How do you cope with nuclear anxiety? We ask an expert

Conversations with experts

Taras Young, a historian who researches and writes about Britain’s preparations for nuclear attack, shares coping strategies

If the news about Ukraine has left you feeling sad and scared, you’re not alone. What’s known as “nuclear anxiety” has been around since the second world war – from the late 1950s (when the threat loomed so large that Kellogg’s gave away “atomic submarines” in Corn Flakes), to five years ago when North Korea began testing missiles. Can the past show us how to deal with it today? I asked historian Taras Young, author of Apocalypse Ready, which explores the ways governments ask citizens to handle disasters.

I’m already feeling better just talking to you, because it gives me perspective: we’ve been through this before, we can get through it again.
People fall into one of two camps. They either grew up thinking about it, worrying about it, or they just ignored it. My folks never seemed to worry. So it comes down to the individual.

The thing is, we still don’t know how much of a toll nuclear anxiety takes. A Finnish study found teens who worried about the Gulf war were more prone to depression later. But another study said it was the level of worry that mattered, and that a bit of concern was normal and had no lasting effect.
The Home Office commissioned a report in 1981, which is one of the few times the government has looked into the psychological side of things. It said that when you imagine people panicking, you’re picturing cars queueing up to get out of the city. That’s not panic. That’s a rational response, because you’re trying to get away from the threat.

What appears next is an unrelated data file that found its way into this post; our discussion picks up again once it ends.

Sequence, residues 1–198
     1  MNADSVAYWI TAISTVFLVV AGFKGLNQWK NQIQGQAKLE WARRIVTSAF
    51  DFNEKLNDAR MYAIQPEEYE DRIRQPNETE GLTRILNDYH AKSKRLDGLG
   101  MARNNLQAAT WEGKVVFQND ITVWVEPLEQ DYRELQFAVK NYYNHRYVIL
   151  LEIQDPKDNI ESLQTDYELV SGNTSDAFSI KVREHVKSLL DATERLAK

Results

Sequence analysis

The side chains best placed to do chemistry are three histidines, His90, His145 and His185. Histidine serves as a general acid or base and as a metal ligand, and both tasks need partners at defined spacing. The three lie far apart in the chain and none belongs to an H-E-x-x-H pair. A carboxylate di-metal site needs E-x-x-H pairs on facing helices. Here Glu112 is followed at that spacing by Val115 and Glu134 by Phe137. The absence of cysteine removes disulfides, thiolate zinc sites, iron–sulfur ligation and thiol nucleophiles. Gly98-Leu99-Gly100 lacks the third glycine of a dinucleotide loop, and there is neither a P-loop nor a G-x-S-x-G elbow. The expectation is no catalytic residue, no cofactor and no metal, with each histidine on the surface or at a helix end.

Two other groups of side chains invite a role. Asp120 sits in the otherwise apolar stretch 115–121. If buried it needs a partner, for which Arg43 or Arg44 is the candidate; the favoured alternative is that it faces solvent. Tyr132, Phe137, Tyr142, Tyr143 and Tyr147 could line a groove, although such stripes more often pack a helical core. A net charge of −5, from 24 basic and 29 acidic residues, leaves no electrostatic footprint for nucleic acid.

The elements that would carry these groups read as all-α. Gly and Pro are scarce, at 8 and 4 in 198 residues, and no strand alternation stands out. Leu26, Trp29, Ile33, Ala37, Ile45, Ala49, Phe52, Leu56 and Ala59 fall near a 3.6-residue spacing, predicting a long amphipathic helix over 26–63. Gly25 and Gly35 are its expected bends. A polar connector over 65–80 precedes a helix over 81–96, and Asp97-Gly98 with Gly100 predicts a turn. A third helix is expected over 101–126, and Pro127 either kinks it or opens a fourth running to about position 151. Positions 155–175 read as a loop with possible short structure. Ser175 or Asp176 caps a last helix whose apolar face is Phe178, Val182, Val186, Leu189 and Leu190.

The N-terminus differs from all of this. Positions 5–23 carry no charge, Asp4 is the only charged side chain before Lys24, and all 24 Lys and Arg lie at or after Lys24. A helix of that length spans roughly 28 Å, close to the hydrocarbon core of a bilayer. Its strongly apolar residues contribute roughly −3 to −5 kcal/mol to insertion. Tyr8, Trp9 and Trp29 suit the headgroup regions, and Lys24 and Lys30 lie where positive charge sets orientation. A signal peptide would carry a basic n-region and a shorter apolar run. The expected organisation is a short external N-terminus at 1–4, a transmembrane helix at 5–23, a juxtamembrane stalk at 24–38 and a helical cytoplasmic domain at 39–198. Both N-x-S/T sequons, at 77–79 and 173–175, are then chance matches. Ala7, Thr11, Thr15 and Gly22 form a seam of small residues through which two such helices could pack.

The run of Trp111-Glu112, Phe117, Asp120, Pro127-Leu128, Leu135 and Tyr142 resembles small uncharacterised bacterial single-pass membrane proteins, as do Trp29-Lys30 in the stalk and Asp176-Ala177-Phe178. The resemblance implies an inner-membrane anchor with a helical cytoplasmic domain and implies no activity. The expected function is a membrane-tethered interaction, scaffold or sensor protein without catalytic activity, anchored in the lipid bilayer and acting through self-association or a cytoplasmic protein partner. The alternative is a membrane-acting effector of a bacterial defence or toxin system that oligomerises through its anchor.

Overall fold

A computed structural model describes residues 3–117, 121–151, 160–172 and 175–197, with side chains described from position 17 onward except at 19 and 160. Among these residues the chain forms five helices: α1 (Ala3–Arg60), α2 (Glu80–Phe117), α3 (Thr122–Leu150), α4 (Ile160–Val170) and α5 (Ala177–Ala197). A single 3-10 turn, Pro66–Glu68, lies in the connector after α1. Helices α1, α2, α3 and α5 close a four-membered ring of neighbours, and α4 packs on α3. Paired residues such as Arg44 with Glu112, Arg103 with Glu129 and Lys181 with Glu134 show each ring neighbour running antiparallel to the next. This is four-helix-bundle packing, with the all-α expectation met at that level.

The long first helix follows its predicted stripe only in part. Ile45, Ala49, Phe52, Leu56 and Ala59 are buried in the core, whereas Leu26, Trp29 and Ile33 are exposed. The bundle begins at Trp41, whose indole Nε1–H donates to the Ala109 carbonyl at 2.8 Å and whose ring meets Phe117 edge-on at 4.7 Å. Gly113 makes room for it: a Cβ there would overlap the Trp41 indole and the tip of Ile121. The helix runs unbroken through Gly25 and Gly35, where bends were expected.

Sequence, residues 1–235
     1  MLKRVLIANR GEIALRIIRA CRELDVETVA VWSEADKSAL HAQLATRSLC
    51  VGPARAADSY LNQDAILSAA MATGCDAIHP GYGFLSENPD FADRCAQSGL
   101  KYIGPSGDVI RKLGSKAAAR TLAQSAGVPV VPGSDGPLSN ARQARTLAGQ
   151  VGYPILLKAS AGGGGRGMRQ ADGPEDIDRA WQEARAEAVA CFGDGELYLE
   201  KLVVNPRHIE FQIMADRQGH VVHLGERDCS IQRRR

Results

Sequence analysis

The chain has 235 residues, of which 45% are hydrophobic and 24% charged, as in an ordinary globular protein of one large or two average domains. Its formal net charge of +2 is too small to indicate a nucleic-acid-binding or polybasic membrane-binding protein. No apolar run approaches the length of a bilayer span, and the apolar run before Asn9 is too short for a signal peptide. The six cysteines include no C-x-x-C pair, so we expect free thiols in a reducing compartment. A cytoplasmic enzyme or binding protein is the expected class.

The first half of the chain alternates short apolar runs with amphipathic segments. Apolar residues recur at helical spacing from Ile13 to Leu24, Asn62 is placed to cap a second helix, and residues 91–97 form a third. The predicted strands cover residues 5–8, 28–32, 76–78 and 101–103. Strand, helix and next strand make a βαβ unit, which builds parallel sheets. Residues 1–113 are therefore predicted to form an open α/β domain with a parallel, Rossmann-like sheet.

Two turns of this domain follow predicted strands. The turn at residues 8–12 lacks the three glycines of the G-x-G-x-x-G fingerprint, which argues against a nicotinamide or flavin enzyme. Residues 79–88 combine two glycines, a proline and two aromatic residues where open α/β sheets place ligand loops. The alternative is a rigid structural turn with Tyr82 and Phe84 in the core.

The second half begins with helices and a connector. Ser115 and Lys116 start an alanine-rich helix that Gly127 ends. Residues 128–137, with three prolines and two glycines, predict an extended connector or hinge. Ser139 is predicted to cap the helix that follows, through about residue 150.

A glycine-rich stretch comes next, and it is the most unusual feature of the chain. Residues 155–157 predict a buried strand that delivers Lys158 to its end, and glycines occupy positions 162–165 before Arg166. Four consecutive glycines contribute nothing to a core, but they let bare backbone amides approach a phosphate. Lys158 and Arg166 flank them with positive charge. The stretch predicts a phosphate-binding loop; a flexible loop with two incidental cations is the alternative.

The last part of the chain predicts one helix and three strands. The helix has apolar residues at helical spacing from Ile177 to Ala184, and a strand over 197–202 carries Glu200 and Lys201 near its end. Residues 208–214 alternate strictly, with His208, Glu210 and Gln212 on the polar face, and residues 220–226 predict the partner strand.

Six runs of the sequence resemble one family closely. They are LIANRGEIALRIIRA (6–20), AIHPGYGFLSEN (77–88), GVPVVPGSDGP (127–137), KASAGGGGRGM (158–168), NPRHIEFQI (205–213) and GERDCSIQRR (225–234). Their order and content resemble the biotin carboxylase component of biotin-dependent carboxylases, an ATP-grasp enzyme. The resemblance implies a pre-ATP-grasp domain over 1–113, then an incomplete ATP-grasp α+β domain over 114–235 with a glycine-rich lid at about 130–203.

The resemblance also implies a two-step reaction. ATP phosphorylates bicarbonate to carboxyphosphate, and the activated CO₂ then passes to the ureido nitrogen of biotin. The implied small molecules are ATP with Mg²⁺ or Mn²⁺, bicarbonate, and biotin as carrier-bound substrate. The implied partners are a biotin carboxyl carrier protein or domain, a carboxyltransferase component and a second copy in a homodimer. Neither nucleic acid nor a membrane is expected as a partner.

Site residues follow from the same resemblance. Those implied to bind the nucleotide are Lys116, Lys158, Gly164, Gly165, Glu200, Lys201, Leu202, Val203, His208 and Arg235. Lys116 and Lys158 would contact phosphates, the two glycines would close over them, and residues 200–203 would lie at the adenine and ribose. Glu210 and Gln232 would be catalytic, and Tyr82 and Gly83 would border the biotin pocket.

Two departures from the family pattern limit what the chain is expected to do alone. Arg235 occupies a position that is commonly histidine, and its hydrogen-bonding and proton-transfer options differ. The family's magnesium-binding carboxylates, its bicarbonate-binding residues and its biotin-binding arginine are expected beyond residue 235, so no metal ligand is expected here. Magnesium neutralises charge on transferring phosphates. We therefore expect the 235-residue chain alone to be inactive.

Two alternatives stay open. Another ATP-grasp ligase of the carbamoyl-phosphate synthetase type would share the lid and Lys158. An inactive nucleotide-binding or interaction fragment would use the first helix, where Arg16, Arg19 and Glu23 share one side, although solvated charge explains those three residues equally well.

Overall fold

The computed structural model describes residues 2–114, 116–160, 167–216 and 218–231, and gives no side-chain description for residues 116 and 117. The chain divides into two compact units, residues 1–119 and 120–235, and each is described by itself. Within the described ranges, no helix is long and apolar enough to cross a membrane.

So wait, the people trying to book bomb shelters right now are just being rational? No wonder Greater Manchester council advised people in the 80s to deal with anxiety by discussing how life might change post-apocalypse over a game of cards.
That would be good advice if the bomb was about to drop but there was no imminent threat. Panic sets in when people don’t have enough information, but also when there’s too much. The location of bunkers is probably towards the “too much information” end.

But in our 24-hour news cycle, too much information is hard to avoid.
Mainlining news all day is very bad for you.

So true. But short of ignoring the whole thing, I’m not sure how anyone could avoid feeling shaken.
According to that Home Office report from 1981, the only people who would not be affected would be the 1% it estimated were psychopaths, who would generally be intelligent and rational. The author of that report separately said psychopaths might be the people who could take charge after a nuclear disaster.

The Home Office seeing upsides to emotionlessness explains a lot about its current position on refugees. But I’ve always been a believer in the power of unfettered joy in times of anguish. And don’t forget meditation. I have a theory that one of the reasons eastern practices have boomed recently is because of stuff such as war anxiety and climate doom.
The same thing happened in the 60s. And in the 80s: when people started realising the futility of nuclear war, there was a culturally fun response – satire, music, Frankie Goes to Hollywood, that kind of thing.

So what you’re saying is history wants me to do some yoga and then hit the clubs? Well, who am I to argue? Thanks Taras, it’s good to understand that a bit of worry isn’t anything to worry about.
Cheers, Coco.

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